A pure listening experience that opened up a whole new world.
For us serious music lovers, having to pick a favourite album is akin to having a thousand children and being ordered to save the life of one of our sprogs as the rest are set to be erased from existence. Aside from the fact we'd happily sacrifice any little gits who've shown a disturbing love for Justin Bieber and reality TV, it's an impossible decision that would lead to everything from sleepless nights to assaulting the nearest wall with our dazed and confused craniums. So with insomnia and a banging headache currently present, here's why I chose this splendid live record.
The albums I cherish most are the ones that resonate with pivotal moments in my life. Works of sonic succulence that transport me to another time and place. Musical experiences that helped me through tough periods or records that are hugely significant in spite of not necessarily being the finest of their ilk. The latter perfectly describes how I feel about Queen's bombastic double opus 'Live At Wembley '86'.
Now, I could easily bang on about the band's musical brilliance, the sheer awesomeness of their songs and the fact that this incredibly entertaining effort captures one of Rock's greatest acts at their stadium-straddling peak before things took a cruel turn for the worst. However, I really wouldn't be adding anything that hasn't already been written. So instead I'm going for the personal approach and would like to explain why this record, in spite of not being anywhere near my favourite, was a special release for a fourteen year old kid who just happened to share my name.
Queen were the first band I worshipped and, way back in the Grunge-infused mists of 1992, this was the first Compact Disc I purchased. Prior to that, it was all about cassettes, be they originals or crappy copies. CD's, on the other hand, had always seemed exotic, alien and financially out of reach; something parents owned because they could afford the cost. Hell, my musically ambivalent Dad even had Queen's badly edited 'Live Magic' on CD, but 'Live From Wembley '86' was different. This... was... mine.
I forget how I scraped the cash together to pay for the album, although I'm fairly certain no laws were broken... fairly sure. Anyhow, it not only kicked off my CD collection but shaped my idea about exactly what a concert should entail and how set-lists could be constructed to deliver the best possible show. At times, the momentum here is absolutely flawless and, from the moment 'One Vision's' futuristic fanfare of synths and accelerating beat tweak the anticipation to breaking point before the band explode onto the stage, the opening twenty minutes is a breath taking thrill ride.
The awesome foursome subsequently rip into 'Tie Your Mother Down', its finale an explosive treat of shock and awe pyrotechnics, swiftly followed by 'In The Lap Of The Gods... Revisited', a swaying sing-along which involves the audience early and cements the bond betwixt band and crowd. The Hard Rocking medley of 'Seven Seas Of Rhye', 'Liar' and 'Tear It Up' instantly follows and finds Brian May's guitar work firing on all cylinders as the first act reaches its power packed climax before a succession of greatest hits take over.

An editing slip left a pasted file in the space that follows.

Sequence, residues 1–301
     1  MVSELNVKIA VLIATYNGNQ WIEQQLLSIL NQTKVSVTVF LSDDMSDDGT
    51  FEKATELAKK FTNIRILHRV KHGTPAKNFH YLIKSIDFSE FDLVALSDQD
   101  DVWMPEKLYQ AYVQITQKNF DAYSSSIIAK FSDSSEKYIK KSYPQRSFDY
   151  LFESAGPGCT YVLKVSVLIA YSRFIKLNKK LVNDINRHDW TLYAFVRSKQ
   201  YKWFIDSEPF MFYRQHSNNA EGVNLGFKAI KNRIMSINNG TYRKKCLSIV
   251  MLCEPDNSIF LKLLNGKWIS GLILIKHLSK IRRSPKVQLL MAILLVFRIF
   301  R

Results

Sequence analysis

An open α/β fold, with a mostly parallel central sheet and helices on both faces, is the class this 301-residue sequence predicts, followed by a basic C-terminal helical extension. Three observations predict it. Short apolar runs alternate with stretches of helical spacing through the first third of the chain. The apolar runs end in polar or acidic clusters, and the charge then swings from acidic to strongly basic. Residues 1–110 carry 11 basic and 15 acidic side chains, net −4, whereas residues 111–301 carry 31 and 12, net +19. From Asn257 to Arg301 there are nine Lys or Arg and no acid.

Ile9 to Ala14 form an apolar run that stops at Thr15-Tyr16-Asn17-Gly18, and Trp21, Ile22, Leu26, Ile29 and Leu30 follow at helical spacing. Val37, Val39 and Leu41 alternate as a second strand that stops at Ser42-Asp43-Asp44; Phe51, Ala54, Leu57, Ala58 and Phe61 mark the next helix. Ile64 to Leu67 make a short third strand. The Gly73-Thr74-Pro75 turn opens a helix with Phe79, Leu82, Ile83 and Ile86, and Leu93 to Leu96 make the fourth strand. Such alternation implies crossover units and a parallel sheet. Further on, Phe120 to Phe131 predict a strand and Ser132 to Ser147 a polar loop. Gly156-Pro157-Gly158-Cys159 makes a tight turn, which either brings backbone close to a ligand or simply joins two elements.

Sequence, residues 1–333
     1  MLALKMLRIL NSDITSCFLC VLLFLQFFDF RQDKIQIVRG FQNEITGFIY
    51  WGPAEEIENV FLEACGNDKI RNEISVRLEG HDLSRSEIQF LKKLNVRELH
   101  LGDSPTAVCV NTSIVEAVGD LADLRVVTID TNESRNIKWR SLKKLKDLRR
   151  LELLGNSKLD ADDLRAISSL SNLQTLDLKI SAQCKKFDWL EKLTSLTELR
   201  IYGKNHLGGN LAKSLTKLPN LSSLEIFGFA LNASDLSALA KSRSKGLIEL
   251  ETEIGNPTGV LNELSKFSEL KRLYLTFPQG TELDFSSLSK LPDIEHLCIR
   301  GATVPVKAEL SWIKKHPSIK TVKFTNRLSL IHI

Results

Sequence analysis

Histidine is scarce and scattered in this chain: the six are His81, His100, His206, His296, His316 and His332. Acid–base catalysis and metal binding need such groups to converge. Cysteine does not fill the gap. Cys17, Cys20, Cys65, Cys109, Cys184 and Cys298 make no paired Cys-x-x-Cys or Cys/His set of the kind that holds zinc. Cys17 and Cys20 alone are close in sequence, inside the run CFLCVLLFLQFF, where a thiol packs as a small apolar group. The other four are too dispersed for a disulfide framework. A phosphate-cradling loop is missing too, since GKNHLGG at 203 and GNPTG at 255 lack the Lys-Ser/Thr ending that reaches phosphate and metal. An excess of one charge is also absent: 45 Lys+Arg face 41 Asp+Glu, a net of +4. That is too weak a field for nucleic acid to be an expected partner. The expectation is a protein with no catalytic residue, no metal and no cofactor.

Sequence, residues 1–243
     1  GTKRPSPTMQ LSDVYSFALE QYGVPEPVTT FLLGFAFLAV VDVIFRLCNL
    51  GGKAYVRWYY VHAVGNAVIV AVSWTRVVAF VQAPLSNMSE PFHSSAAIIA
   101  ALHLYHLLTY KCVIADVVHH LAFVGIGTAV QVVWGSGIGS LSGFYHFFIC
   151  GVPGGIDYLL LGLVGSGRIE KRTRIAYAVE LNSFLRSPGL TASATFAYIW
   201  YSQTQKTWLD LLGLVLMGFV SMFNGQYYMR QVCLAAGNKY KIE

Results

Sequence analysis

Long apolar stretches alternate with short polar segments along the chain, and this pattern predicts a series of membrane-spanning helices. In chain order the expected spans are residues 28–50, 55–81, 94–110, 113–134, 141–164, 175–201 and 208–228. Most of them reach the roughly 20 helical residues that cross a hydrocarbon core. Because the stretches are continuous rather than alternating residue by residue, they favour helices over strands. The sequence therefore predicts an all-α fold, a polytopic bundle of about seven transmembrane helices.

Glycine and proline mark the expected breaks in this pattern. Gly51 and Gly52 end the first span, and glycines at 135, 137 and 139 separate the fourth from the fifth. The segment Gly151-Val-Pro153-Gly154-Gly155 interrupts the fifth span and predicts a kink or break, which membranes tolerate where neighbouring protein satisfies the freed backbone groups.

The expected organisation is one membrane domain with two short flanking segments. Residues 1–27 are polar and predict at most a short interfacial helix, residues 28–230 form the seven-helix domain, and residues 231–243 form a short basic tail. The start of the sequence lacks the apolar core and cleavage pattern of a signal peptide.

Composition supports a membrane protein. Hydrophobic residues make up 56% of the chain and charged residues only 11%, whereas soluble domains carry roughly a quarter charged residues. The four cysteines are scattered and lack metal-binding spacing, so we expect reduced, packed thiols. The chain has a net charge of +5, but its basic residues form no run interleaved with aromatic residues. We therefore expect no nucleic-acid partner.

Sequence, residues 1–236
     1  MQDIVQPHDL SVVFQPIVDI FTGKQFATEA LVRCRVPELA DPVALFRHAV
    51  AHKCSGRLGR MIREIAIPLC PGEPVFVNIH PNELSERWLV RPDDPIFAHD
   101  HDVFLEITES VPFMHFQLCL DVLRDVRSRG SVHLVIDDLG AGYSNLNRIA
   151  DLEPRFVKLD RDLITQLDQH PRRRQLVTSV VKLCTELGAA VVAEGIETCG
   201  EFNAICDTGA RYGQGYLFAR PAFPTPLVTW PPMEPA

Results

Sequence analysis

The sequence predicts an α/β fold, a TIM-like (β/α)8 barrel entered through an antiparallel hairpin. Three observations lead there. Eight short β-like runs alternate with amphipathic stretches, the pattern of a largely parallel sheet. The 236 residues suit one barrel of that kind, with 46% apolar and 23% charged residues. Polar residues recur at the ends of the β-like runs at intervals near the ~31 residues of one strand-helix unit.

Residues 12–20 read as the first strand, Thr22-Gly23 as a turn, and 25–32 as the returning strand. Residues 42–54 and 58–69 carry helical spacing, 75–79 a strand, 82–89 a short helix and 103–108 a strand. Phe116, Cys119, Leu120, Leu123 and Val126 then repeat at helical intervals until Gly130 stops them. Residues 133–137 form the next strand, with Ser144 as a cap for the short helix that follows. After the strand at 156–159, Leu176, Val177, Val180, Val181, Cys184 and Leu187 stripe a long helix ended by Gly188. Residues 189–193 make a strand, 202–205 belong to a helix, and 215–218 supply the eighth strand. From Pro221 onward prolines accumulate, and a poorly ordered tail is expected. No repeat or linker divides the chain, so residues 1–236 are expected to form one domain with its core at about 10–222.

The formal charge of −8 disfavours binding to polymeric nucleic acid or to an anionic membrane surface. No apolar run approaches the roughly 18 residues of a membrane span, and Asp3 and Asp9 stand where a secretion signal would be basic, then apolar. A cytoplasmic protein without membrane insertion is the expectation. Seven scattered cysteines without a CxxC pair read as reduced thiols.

Such a heart stopping opening showed me how songs could flow seamlessly into each other, maximising the energy and mesmerising fans. Just compare it to tedious groups who stop after every song, prattle on without a hint of charisma and regularly change their instruments. Constructing a killer live show and satisfying their crowd isn't even an afterthought.
Furthermore, that barn storming start also demonstrated the importance of re-working material for the live arena, instead of boring everyone by knocking out identikit recreations of the originals. It's all about keeping the audience attentive through surprise and pacing, shifting gears when necessary and creating a satisfying ebb and flow. Acoustic sing-alongs 'Love Of My Life' and 'Is This The World We Created?' feature later in the set and not only give everyone a chance to catch their breath but, by imbuing a sense of contrast, accentuate the dynamism of the music, with the slow songs feeling emotionally richer and the Rocking moments hitting harder as a result.
To this day Freddie Mercury is still my favourite front-man and his ability to enthral stadiums remains unsurpassed. That the Wembley gig was amongst the last shows he ever did with the band adds extra resonance. His seemingly tongue-in-cheek remark to the audience before an immensely profound 'Who Wants To Live Forever' is, with the benefit of hindsight, all the more heart breaking. When discussing talk of Queen breaking up, he simply quipped "so forget those rumours, we're going to stay together until we fucking well die I'm sure'.
When I first heard this album I was too naïve to analyse it properly. I hadn't heard Queen's entire back catalogue, nor other live albums and therefore had little to measure it against. Nowadays, I can easily pick holes in the set-list and would gladly hear 'Spread Your Wings', 'Don't Stop Me Now' and 'Stone Cold Crazy' ahead of covers of 'Tutti Frutti', 'Hello Mary Lou' and 'Big Spender'. I'll also concede that, for all the expert pacing elsewhere, the show sags in the middle with a dull 'Impromptu' bit followed by May's ten minute snooze-fest guitar solo 'Brighton Rock'.
None of that mattered back then and, in all honesty, I love this album because it reminds me of such blissful ignorance. Everything about it felt fresh and exciting and, because there were no parameters or precedence by which to critique the release, it was a pure listening experience that opened up a whole new world. That's why I've chosen this album and that's why it will have a special place in my heart until I fucking well die I'm sure.